What is going on is simple, and obvious to anyone with eyes - and I saw it happening in my kids primary school in a North Eastern city in England during that period of massive immigration through the 2000s.
The ability of the native population was on a bell curve, and the ability of immigrants was bimodal.
The Chinese (including Korean, Taiwanese, Hong Kong etc) were all in the top maths group and the top maths groups was mostly Chinese, one Jewish boy and a couple of locals. The bottom Maths group was I recall entirely Pakistani, Bangladeshi, Arabic, and African. Indeed the best students in most classes were usually Chinese - even though there were local kids of middle class professional parents in a higher proportion than usual.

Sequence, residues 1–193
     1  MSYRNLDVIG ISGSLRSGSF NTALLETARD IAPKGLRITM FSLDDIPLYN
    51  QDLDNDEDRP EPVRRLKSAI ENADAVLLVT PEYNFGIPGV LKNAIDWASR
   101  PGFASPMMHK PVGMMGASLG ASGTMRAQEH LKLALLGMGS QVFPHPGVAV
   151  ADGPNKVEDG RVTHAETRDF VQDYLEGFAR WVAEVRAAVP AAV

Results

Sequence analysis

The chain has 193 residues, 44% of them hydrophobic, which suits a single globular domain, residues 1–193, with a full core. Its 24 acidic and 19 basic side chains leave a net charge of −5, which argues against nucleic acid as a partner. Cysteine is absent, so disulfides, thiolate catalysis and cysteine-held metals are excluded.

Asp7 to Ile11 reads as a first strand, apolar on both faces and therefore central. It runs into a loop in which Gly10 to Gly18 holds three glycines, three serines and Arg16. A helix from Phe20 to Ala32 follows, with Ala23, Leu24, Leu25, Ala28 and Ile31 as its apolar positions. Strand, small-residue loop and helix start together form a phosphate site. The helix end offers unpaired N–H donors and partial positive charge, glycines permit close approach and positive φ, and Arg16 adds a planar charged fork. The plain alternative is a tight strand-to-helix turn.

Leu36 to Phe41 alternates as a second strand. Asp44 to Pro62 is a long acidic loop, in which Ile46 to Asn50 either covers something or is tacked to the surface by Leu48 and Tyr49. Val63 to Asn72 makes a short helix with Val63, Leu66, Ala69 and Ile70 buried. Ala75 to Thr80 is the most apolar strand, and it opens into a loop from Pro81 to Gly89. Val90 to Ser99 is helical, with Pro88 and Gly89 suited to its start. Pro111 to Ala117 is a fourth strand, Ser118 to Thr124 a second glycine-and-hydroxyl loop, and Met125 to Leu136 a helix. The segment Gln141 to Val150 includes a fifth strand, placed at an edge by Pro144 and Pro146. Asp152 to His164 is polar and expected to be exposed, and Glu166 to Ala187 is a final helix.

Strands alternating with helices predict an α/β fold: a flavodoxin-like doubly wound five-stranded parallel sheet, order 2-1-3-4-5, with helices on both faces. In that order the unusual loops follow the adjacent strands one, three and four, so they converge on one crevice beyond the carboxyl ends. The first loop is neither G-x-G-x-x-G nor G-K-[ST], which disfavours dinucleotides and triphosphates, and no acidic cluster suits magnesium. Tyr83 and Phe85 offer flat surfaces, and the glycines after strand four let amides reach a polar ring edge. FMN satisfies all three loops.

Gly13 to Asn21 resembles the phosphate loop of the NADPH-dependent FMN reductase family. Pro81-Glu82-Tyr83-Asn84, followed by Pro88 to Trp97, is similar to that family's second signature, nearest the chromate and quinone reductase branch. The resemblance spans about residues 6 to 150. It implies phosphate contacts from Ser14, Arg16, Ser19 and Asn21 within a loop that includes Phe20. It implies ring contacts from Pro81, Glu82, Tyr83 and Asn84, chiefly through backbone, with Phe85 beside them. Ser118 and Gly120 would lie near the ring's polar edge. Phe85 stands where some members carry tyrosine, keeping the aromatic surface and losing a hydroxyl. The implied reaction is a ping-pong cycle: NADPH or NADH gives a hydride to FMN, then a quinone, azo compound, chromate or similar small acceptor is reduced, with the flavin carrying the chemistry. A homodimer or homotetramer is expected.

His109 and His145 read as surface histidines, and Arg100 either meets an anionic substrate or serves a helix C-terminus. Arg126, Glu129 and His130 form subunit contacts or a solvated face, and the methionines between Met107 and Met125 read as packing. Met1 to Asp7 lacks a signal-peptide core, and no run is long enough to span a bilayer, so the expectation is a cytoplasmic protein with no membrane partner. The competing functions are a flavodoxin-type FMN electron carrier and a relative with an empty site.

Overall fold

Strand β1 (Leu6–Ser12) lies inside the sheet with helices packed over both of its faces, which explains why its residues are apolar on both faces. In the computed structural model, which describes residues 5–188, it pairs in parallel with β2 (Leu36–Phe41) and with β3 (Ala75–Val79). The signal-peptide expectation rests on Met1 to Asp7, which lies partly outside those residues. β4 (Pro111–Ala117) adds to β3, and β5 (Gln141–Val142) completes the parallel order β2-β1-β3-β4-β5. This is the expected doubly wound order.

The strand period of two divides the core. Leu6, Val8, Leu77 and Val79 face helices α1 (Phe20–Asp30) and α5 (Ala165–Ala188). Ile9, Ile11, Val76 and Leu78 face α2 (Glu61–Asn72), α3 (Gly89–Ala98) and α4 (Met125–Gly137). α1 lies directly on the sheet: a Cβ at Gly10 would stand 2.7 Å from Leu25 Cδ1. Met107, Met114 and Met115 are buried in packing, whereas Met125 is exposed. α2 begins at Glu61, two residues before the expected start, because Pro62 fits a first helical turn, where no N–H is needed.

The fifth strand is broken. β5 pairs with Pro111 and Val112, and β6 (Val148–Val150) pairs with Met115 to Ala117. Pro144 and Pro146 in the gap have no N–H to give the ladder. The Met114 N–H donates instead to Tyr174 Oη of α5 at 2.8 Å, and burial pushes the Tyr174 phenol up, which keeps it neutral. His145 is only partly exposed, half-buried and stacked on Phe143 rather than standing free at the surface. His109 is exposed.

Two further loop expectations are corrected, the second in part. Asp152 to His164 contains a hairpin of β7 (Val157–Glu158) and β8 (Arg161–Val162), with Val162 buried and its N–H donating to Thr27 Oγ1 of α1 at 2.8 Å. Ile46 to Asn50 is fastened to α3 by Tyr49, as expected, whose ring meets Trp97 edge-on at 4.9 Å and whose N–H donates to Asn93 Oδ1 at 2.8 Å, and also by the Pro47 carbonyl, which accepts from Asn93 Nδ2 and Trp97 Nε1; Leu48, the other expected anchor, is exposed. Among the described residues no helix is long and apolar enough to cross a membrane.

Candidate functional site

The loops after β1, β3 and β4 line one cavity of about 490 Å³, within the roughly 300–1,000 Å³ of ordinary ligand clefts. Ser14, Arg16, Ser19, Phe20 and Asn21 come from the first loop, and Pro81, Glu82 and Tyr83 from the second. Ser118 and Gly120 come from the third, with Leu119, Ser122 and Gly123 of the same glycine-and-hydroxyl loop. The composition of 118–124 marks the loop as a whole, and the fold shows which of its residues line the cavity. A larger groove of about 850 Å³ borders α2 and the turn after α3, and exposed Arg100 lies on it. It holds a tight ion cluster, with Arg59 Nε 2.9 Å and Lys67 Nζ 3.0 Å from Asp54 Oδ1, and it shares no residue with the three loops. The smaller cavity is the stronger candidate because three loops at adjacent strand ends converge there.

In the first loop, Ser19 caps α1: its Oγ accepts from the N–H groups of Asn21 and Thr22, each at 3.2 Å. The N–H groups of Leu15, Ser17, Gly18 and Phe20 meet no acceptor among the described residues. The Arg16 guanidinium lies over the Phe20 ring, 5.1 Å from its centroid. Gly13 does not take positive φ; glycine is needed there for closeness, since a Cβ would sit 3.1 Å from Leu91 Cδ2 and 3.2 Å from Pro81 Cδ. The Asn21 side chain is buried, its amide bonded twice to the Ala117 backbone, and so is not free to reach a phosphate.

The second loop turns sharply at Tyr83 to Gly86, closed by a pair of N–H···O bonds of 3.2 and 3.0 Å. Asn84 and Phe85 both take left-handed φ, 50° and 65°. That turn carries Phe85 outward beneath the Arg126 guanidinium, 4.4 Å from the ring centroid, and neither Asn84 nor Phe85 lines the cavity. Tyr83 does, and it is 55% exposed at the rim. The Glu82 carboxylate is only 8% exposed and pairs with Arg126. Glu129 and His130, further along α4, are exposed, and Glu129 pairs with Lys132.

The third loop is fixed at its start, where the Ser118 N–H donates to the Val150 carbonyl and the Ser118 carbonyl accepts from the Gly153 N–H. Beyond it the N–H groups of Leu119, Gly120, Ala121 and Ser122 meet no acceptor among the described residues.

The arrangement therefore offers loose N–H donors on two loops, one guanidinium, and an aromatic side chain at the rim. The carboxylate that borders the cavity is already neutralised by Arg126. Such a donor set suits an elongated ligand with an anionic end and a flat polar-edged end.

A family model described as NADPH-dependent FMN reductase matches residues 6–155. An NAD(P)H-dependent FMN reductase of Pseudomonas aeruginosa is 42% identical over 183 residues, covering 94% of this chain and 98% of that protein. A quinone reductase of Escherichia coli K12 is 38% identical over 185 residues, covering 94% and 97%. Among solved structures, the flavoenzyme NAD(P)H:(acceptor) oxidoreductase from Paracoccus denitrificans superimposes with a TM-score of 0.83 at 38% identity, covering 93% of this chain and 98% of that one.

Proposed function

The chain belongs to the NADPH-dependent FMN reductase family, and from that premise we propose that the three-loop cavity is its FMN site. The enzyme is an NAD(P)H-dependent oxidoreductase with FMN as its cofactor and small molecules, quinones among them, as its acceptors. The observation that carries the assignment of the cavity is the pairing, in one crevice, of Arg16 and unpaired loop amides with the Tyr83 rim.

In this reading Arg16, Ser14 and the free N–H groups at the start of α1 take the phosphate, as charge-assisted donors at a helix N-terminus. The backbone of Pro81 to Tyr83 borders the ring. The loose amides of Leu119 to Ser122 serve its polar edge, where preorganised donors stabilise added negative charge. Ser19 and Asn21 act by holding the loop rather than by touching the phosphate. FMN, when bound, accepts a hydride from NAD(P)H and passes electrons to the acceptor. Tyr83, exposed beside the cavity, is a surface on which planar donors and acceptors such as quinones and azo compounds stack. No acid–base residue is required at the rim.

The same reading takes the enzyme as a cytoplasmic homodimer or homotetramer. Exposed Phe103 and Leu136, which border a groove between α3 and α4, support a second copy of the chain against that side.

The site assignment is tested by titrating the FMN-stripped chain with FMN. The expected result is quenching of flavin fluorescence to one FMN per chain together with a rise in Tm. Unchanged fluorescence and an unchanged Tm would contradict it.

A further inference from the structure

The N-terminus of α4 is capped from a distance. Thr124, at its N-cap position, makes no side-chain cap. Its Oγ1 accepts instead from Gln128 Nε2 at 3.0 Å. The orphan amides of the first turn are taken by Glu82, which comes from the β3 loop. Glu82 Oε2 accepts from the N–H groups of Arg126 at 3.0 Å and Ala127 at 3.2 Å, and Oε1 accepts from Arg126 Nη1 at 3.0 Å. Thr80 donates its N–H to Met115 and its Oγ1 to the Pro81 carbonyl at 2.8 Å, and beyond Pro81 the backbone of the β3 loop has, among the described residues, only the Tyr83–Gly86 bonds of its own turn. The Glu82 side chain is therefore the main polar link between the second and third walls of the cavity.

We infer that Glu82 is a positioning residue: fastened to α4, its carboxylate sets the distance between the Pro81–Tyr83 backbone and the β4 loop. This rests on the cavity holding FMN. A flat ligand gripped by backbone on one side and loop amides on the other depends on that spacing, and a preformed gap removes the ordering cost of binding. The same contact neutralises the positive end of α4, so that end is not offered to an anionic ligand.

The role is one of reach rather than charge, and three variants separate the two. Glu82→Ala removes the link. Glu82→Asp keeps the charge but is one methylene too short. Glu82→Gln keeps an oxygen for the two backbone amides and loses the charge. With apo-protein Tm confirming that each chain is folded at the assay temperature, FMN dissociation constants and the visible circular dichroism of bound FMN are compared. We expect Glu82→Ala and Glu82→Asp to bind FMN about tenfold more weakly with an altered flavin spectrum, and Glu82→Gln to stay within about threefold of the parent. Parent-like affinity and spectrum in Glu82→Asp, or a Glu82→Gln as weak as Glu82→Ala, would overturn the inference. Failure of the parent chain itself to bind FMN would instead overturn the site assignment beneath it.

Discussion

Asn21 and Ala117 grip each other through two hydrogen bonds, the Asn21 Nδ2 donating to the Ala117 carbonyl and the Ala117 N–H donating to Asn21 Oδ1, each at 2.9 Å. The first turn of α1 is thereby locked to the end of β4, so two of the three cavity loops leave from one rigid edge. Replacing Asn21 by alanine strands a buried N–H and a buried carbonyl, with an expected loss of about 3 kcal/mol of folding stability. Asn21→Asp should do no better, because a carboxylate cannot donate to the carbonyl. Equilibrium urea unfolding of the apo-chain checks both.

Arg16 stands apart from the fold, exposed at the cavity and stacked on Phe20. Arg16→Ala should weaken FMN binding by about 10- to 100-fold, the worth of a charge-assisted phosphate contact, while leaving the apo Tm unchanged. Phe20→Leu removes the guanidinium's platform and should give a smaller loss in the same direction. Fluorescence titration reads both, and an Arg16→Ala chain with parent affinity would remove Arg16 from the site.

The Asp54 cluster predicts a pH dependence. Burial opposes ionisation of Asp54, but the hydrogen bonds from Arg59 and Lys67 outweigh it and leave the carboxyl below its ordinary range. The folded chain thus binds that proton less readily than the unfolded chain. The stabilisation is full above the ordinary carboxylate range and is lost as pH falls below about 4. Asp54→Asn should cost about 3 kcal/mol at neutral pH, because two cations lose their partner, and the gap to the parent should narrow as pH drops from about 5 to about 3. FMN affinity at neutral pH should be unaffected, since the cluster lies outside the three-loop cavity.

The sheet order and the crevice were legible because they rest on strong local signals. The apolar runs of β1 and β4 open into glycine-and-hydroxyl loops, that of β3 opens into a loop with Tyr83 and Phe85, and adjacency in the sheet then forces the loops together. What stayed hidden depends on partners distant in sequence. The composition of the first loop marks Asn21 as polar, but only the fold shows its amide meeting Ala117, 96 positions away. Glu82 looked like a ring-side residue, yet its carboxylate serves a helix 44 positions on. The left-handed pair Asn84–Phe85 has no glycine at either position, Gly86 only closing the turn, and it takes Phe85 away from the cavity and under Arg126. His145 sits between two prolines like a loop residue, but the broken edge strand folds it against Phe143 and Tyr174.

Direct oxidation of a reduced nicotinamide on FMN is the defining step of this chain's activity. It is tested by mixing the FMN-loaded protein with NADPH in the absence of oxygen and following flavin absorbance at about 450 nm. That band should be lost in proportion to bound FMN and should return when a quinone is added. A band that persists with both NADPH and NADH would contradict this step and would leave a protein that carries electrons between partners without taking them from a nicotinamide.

When we got the children's attainment test scores, we were given the scores for the whole class (anonymously) to give context, and I was astonished to see they were actually bimodal (for 90 children - not symmetrical - since there were a lot of highly able children, but with two peaks and a point of rarity between). I asked the teacher why - given that this is a very unusual distribution for a school, but she had no idea, and it seemed that nobody had noticed or commented on the fact. The proportion of immigrant children was so high that it made this bimodal distribution.
The deep problem is that concepts such as 'immigration', and even more 'diversity', are actually calculated to conceal and confuse, by lumping together heterogeneous and indeed contrasting entities.
When we are forced to debate using these categories things seem much more complicated than they really are - thereby people cannot follow, and lose interest in the 'debate' - which is exactly the intention.